Vaccination against hep A is recommended for all children when they are 1 year old. Babies should receive their first dose of hep B vaccine shortly after birth, with an additional dose in the first couple months of life and a booster around age 1.

CDC also recommends that all adults younger than 60 get vaccinated if they are not already, and that older adults (60+) get vaccinated if they have risk factors. These could include drug use or liver disease, or travel to areas of the world where risk of hepatitis is higher.

There is no vaccine for hep C, but most people can be cured in 8-12 weeks if they adhere to treatment as recommended by their doctor.

The first step is to get tested. If you do have hep C, your doctor can provide or refer you for treatment.

Treatment for hep C involves taking antiviral pills (also known as oral therapy) over the course of 2-3 months. A healthcare provider will help lay out the details based on a person’s test results and medical history.

People with hep C can help protect their liver and make treatment as effective as possible by: 

  • following up for regular monitoring of their liver’s health,
  • being vaccinated against hep A and B,
  • avoiding alcohol, which can accelerate liver damage,
  • getting tested for HIV, which increases the risk of cirrhosis,
  • and checking with their doctor before they take new prescriptions, over-the-counter medications, or supplements because some are damaging to the liver, as well.

A, B, C

Though they all are hepatitis viruses, hep A, B, and C are different from one another. 

Hepatitis A

While hep B and C tend to have few noticeable symptoms, people with hep A may feel sick for a few weeks or up to several months. Most people with hep A fully recover with minimal or no lasting damage. However, it can be a serious illness for people with health complications or existing liver disease. The virus is very contagious and lives in the poop or blood of someone who is infected. It can spread through eating contaminated food or drink, or through close personal contact.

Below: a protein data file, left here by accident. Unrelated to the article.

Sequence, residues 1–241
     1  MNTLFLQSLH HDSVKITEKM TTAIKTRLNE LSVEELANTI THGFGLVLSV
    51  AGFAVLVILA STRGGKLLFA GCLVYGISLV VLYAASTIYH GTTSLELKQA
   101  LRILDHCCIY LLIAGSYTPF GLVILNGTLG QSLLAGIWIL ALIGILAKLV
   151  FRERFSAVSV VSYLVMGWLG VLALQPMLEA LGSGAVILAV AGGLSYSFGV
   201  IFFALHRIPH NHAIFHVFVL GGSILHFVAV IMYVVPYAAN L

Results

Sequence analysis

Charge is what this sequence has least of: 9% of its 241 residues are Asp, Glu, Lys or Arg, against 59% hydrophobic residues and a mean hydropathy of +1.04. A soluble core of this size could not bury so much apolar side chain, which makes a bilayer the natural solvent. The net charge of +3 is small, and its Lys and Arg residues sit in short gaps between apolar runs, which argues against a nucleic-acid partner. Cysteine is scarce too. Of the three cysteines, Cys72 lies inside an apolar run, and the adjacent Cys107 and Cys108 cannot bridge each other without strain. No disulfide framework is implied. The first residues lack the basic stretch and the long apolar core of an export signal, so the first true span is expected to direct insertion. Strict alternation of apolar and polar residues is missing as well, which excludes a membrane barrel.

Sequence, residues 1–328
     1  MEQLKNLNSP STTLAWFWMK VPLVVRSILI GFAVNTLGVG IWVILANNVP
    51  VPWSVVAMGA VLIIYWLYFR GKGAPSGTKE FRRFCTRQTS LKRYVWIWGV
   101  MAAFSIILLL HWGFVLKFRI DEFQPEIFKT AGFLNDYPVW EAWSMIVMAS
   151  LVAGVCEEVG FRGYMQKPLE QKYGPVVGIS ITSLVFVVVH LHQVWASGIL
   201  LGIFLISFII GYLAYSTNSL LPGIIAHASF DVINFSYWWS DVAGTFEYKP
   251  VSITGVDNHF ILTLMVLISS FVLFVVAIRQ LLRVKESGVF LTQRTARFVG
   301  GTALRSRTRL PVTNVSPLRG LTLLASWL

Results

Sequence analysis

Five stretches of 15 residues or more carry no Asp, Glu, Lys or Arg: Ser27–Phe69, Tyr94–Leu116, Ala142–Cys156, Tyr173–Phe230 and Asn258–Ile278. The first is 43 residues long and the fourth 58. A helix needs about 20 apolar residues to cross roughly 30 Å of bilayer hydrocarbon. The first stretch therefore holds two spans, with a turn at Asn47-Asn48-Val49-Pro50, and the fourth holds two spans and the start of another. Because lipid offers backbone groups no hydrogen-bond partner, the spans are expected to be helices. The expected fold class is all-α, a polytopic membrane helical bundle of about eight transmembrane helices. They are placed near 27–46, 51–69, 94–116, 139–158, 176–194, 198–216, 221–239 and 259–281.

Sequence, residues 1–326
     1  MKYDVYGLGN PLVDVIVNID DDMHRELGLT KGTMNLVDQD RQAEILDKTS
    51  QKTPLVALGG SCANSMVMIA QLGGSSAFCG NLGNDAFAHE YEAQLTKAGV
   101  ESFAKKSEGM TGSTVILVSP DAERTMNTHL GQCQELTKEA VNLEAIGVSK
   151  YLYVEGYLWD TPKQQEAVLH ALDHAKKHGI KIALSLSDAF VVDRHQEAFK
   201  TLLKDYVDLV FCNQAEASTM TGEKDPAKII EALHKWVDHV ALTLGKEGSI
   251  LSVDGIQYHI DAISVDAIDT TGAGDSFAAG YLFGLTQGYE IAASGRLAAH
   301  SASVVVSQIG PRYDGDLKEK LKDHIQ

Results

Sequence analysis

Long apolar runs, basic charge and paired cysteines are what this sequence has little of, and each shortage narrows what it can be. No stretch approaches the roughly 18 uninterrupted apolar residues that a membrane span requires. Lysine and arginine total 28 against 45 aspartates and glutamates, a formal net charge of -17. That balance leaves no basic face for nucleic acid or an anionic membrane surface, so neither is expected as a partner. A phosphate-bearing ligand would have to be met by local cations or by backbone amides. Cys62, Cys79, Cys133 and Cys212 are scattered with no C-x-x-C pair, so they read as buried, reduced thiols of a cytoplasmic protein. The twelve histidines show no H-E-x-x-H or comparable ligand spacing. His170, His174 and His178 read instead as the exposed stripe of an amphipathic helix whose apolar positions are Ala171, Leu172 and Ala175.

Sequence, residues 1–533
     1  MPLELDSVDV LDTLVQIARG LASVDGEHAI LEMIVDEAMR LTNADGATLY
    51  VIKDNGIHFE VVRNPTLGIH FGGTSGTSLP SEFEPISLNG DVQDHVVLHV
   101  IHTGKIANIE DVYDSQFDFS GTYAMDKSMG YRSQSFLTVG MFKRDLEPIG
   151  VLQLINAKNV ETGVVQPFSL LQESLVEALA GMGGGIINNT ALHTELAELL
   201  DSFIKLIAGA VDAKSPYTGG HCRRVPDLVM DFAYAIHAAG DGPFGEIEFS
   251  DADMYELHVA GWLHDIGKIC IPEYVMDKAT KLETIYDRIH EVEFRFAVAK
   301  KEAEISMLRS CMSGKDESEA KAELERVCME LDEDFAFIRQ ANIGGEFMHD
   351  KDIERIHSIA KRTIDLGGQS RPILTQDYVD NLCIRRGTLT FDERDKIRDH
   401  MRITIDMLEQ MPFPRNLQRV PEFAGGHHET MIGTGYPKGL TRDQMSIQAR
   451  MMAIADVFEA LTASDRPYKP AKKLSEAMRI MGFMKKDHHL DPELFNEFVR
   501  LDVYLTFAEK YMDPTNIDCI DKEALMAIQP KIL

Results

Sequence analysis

Hepatitis B

People may develop a lifelong infection and, over time, hep B can cause serious damage to the liver or liver cancer. There is no cure for hep B, but there are treatments that can delay or reduce the likelihood of cancer, and a vaccine to protect against the virus. Hep B spreads through bodily fluids such as blood or semen. Sexual contact or sharing needles and other drug-injection supplies can spread the virus, and a mom who is infected can give the virus to a baby at birth. 

Hepatitis C

More than half of people who get hep C develop long-term, chronic infection that can lead to liver disease and damage. Most people become infected with hep C by sharing needles, syringes, or other equipment used to prepare and inject drugs. In 2021, more than 120 new cases were reported in Washington, about two-thirds with injection drug use as a risk factor and more than three-quarters with recent substance use (injection or otherwise). Hep C also can spread through sexual contact, other contaminated needles such as tattoos or piercings from unlicensed businesses or individuals, exposure in a healthcare setting not following appropriate infection prevention practices, or from a mom to baby at birth. Upward of 65,000 people in Washington are living with chronic hep C, according to a 2018 estimate. 

More information: